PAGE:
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For those of you who have successfully been able to call C++ code from Objective-C, will you please enlighten me?

This link says you need to wrap your C++ code using a technique he describes in his article. It looks good but I still have problems.

This link says that as long as the Objective-C class calling the C++ class has been converted to a .mm (Objective-C++) class then the two should work nicely together.

Each of these approaches are causing me grief the minute I try to add a method call. Can/Will somebody please give me simple code for a simple Hello World iOS app that uses Objective-C for the "Hello" part and a C++ class for the world part with an Objective-C++ class in the middle? Or do I still have the entire concept wrong?

Happy for any help I can get.

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1  
The second approach is what I use successfully. Describe your grief in more detail. –  trojanfoe Oct 7 '13 at 16:11
1  
For the most part, you just throw all the "gotta work together" code into one .mm file and call back and forth as needed. The only real "gotcha" is storage management. –  Hot Licks Oct 7 '13 at 17:24
1  
Describe your grief in more detail. –  Hot Licks Oct 7 '13 at 18:33

2 Answers 2

As requested; an example:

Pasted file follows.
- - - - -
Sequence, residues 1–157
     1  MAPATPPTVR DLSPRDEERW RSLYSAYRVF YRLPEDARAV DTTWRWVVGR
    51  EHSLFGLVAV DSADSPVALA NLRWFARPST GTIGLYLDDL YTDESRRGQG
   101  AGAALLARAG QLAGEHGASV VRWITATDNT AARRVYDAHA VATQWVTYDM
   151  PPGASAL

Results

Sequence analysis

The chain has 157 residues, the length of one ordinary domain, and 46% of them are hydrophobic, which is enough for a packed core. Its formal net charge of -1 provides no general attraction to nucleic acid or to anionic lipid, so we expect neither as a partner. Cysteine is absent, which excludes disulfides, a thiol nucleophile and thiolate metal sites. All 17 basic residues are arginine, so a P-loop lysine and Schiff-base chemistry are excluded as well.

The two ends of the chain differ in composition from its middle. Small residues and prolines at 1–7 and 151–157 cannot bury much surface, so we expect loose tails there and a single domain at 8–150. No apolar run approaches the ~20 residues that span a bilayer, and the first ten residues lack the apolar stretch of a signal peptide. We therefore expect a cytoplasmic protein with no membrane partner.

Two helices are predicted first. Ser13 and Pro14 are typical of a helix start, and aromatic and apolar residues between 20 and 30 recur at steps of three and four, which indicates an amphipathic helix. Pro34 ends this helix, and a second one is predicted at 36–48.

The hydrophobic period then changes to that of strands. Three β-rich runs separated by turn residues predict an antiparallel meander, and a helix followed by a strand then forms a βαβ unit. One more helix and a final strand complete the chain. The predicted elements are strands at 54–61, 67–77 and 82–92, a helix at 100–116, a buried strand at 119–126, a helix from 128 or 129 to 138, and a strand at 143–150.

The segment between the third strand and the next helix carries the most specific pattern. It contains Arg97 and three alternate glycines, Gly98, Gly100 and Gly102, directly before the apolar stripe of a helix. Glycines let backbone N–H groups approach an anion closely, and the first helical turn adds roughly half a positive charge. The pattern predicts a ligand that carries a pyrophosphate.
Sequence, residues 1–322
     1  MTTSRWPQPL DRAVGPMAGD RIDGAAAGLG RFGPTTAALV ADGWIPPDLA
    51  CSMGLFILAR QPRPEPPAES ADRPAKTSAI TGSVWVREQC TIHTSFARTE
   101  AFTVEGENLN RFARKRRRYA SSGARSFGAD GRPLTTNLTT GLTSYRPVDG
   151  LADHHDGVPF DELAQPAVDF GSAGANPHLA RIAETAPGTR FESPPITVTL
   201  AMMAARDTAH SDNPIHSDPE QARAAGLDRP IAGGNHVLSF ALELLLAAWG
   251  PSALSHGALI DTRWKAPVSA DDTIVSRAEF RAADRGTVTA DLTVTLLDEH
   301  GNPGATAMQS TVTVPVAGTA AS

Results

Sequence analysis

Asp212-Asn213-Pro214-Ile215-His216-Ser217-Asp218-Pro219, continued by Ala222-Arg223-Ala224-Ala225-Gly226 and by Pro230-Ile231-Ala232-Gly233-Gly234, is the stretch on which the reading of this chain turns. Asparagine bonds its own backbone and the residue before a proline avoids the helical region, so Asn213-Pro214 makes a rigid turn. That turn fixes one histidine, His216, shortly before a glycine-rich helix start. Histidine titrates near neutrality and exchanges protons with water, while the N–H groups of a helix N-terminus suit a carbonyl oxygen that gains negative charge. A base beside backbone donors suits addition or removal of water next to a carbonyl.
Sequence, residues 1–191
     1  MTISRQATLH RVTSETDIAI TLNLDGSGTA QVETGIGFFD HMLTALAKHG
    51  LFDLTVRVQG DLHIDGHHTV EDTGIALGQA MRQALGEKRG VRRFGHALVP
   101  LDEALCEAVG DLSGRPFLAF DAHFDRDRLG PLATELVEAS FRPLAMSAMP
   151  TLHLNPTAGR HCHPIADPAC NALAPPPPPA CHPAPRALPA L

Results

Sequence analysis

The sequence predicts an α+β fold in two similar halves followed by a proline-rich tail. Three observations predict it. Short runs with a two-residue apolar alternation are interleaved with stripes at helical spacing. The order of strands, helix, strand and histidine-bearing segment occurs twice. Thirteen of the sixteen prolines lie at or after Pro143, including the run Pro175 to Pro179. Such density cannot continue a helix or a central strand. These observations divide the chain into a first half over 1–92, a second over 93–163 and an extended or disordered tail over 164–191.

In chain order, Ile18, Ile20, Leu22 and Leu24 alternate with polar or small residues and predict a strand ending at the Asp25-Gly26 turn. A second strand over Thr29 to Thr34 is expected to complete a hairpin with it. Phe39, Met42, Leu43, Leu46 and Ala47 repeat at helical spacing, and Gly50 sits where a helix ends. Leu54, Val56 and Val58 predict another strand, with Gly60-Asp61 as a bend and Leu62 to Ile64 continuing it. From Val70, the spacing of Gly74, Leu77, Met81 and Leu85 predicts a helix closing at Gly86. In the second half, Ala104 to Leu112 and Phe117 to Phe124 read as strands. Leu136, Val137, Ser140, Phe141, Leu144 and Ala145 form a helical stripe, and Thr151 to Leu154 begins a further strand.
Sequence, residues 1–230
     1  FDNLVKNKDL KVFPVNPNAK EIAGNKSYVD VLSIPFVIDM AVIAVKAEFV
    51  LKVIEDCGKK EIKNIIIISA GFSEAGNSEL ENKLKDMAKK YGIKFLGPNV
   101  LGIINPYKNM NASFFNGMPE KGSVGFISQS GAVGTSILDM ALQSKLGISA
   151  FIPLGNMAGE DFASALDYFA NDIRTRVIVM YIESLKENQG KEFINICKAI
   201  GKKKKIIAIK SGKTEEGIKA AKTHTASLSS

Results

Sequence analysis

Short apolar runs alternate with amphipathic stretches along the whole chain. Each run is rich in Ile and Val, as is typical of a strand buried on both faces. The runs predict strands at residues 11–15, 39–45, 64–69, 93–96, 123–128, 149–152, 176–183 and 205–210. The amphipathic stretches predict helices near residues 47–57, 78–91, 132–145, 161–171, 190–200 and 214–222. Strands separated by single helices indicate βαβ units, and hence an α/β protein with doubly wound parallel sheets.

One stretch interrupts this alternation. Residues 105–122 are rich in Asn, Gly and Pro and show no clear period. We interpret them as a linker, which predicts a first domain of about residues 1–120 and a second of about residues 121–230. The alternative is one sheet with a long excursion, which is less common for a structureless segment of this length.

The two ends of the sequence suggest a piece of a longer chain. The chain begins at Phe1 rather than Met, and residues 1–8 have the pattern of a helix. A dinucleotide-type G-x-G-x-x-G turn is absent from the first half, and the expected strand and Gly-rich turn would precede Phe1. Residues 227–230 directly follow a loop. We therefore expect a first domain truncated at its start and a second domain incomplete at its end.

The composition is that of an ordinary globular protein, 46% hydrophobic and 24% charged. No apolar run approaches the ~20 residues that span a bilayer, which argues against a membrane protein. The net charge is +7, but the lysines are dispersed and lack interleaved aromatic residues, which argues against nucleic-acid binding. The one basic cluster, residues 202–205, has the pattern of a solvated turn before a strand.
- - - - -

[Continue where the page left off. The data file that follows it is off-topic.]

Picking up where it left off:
#import <Foundation/Foundation.h>
#import <vector>
#import <string>

int main(int argc, const char **argv) {
    std::vector<std::string> v;
    v.push_back("Hello");
    v.push_back("World");
    for (std::string s : v)
        NSLog(@"%s", s.c_str());
    return 0;
}

$ clang -std=c++11 -stdlib=libc++ -o callcpp callcpp.mm -framework Foundation -lc++
$ ./callcpp
2013-10-07 17:16:13.725 callcpp[37710:707] Hello
2013-10-07 17:16:13.726 callcpp[37710:707] World
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But where is the Objective-C in that example? –  Hot Licks Oct 7 '13 at 17:25
    
@HotLicks The OP mentioned using Objective-C++ to call C++ and that is what this demonstrates. –  trojanfoe Oct 7 '13 at 17:50
    
There's no Objective-C. Calling C to C++ isn't really answering the question. –  Hot Licks Oct 7 '13 at 18:04
    
@HotLicks Look at the second option specified by the OP, which they have considered. I don't understand why you're being so pedantic. –  trojanfoe Oct 7 '13 at 18:11
    
I just think that if you're going to offer an example it should be at least superficially realistic. –  Hot Licks Oct 7 '13 at 18:14

Another (contrived) one:

Use a C++ class as an ivar:

File Foo.h

#import <Foundation/Foundation.h> 

@interface Foo : NSObject
@property (nonatomic, readonly) NSString* what;
@end

File: Foo.mm

#import "Foo.h"
#include <string>

@implementation Foo {
    std::string _string;  // C++ class must have a default c-tor
}

- (id)init
{
    self = [super init];
    if (self) {
        _string = "Hello, World!"
    }
    return self;
}

- (NSString*) what {
    NSString* result = [[NSString alloc] initWithBytes:_string.data()
                                                length:_string.size() 
                                              encoding:NSUTF8StringEncoding];
    return result;
}

@end

Note:

An executable may need to explicitly link against the C++ library, e.g. by adding an additional flag to "Other Linker Flags": -lc++

Alternatively, the main.m file can be renamed to main.mm.

The latter is more robust in selecting the "correct" library, since the tool chain will do that itself. But perhaps, for anyone else examining the project, a renamed "main.m" may not be that obvious and may cause confusion.

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